This cartoon was getting close to the end of the line for the blasé, been-there-done-that Ranger voice that was a staple of the Dan Gordon-Charles Shows Yogi episodes (which in part was needed to fit with the very limited animation at times in Season 1). By the end of Season 2, the Ranger would be more of a mix of perpetually frustrated/annoyed and scheming to get Yogi before Yogi got him.

    Even as a kid, I liked the former better because there's a certain cynicism there that you really didn't see in any other made-for-TV cartoons. And, when the latter style was extended to other similar sneaky animal-vs.-human stories with weaker plots (like Wally Gator or Magilla Gorilla) came across as talking down to the audience, even if the audience was made up of kids in elementary school.

  5. Well, JL, I could say that, but that wouldn't take advantage of all those animation books I own where people overanalyse film using phraseology that accents their intellectualism.

    It was smart from a comedy standpoint to coalesce Ranger Smith into a defineable personality and adversary. It's the version of the Ranger everyone remembers. I like the other ones, even the generic rangers of the first season.

    In this cartoon and 'Lullabye Bye-Bye Bear', he sounds so world-weary and bored. It's a great characterisation and Messick does a wonderful job with it.

  6. Hard to believe the title card pre-dates the tv show Bewitched.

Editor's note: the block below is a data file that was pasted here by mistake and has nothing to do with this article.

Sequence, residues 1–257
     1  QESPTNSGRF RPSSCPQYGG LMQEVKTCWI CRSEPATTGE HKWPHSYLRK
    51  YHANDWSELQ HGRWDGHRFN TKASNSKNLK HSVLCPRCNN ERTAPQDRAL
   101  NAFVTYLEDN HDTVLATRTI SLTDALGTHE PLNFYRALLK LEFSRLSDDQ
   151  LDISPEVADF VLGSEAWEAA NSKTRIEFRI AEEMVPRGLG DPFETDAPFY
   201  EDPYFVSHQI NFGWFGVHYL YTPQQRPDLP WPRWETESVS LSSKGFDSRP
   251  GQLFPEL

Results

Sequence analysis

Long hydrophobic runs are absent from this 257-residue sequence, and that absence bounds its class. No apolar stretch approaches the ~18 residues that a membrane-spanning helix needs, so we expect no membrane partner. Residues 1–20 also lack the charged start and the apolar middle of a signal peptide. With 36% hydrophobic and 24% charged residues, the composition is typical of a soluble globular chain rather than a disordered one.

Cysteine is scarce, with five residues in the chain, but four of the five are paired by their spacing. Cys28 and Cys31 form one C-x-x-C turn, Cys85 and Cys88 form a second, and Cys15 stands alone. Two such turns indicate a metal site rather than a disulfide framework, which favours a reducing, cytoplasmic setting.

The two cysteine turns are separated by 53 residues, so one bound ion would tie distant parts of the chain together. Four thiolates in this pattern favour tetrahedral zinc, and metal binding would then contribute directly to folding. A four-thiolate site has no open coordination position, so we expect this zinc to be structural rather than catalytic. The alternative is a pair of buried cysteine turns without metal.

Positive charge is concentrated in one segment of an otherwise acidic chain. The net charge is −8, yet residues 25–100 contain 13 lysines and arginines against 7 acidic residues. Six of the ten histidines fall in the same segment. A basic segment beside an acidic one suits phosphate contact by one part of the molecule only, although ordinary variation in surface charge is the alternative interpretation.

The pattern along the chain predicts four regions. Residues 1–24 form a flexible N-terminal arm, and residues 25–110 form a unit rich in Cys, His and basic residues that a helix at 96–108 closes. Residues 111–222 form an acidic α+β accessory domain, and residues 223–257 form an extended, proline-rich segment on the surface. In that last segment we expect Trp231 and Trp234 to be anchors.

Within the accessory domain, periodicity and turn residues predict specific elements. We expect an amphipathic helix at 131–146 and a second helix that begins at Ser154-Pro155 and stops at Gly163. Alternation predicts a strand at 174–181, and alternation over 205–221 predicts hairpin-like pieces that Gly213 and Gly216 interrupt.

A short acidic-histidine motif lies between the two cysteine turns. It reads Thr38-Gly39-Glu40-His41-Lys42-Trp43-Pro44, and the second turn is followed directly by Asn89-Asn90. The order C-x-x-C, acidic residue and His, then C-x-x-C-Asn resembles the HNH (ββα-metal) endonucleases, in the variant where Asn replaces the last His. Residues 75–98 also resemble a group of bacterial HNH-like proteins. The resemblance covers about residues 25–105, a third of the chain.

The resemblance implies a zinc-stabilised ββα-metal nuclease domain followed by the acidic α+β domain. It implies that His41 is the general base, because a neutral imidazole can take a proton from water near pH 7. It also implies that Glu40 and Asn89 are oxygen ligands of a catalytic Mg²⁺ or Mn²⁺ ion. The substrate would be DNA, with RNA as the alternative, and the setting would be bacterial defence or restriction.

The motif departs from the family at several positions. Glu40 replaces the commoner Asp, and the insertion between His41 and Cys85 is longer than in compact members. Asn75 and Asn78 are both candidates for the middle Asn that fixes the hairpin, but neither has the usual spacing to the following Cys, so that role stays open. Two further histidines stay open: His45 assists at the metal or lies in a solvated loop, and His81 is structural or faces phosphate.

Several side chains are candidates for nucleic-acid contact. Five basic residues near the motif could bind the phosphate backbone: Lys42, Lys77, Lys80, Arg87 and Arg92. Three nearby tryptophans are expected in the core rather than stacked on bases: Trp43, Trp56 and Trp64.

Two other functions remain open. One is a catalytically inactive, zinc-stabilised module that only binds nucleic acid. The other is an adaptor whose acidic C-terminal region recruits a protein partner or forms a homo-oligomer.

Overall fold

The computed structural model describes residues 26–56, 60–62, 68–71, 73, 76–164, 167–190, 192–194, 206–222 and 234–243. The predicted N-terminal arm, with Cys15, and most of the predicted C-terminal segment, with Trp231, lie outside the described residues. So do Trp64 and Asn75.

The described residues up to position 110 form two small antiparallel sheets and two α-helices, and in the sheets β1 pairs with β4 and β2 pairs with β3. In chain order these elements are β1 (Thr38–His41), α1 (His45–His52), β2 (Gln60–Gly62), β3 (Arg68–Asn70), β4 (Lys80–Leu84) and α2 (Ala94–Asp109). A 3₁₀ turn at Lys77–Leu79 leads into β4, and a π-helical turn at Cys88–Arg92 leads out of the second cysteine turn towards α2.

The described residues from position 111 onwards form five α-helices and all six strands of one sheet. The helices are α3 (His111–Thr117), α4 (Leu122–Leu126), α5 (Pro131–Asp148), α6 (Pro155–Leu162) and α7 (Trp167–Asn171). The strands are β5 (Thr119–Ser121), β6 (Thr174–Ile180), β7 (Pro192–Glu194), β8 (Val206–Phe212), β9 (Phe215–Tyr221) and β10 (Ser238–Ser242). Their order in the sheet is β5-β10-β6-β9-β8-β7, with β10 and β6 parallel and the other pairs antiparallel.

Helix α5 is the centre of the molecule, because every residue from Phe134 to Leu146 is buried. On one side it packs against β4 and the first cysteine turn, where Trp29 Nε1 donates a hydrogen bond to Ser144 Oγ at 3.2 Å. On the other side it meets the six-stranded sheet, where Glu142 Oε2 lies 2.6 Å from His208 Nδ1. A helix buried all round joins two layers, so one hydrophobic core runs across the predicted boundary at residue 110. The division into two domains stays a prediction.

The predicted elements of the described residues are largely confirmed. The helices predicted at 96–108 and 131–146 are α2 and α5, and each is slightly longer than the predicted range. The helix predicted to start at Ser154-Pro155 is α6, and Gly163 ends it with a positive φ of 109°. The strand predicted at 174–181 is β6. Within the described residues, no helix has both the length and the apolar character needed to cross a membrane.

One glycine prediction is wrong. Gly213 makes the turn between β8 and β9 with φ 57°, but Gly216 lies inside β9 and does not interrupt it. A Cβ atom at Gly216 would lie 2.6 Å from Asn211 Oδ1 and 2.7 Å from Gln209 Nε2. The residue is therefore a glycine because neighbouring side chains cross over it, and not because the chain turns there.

7. Well, Hanna-Barbera did the animation for the Bewitched opening, didn't it?

  8. Yowp --

    I supposepart of my long-term not-so-much dislike as just weariness for the latter format was that Hanna-Barbera would use Foster's Yogi-Ranger Smith template so many times over the next 10-15 years, no doubt because it worked so well (heck, it even ended up being borrowed (or, if you prefer, stolen) over on the East Coast by Total TV as the basic format for Tennessee Tuxedo three years later.

    The idea that Yogi could be doing all this and the Ranger (or the TV director, or the scooter rental guy) could just be so damned bored and cynical with and about their job that the bear could at least temporarily get away with all these things was a very adult way to handle the early days of limited animation, and probably played a big part in why Huckleberry Hound was a hit with adults and earned the first Emmy for animated TV shows. But it probably wasn't the best way to sell Kellogg's OKs or other brands (Kids! Ranger Smith says, "Eat 'em or don't eat 'em. I don't care.")

  9. Love those Don Patterson headbobs. To me, they're smooth and organic, not jerky like other animators' bobs, and they occasionally go from side to side as well as up and down. He's the best at animating dialog, too. Here he also does "S" with a mouth full of teeth. And his eyes and eyebrows are the most varied and expressive, although they may blink a little too much.